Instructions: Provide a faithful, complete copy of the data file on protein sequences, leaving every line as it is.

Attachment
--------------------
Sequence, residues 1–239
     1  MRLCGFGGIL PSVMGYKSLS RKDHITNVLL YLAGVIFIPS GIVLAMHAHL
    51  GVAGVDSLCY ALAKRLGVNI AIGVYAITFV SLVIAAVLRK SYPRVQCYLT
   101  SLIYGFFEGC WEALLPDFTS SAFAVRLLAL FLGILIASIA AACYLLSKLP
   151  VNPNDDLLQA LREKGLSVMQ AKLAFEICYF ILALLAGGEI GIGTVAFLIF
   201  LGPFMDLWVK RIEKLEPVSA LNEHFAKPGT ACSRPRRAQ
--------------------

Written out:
Sequence, residues 1–239
     1  MRLCGFGGIL PSVMGYKSLS RKDHITNVLL YLAGVIFIPS GIVLAMHAHL
    51  GVAGVDSLCY ALAKRLGVNI AIGVYAITFV SLVIAAVLRK SYPRVQCYLT
   101  SLIYGFFEGC WEALLPDFTS SAFAVRLLAL FLGILIASIA AACYLLSKLP
   151  VNPNDDLLQA LREKGLSVMQ AKLAFEICYF ILALLAGGEI GIGTVAFLIF
   201  LGPFMDLWVK RIEKLEPVSA LNEHFAKPGT ACSRPRRAQ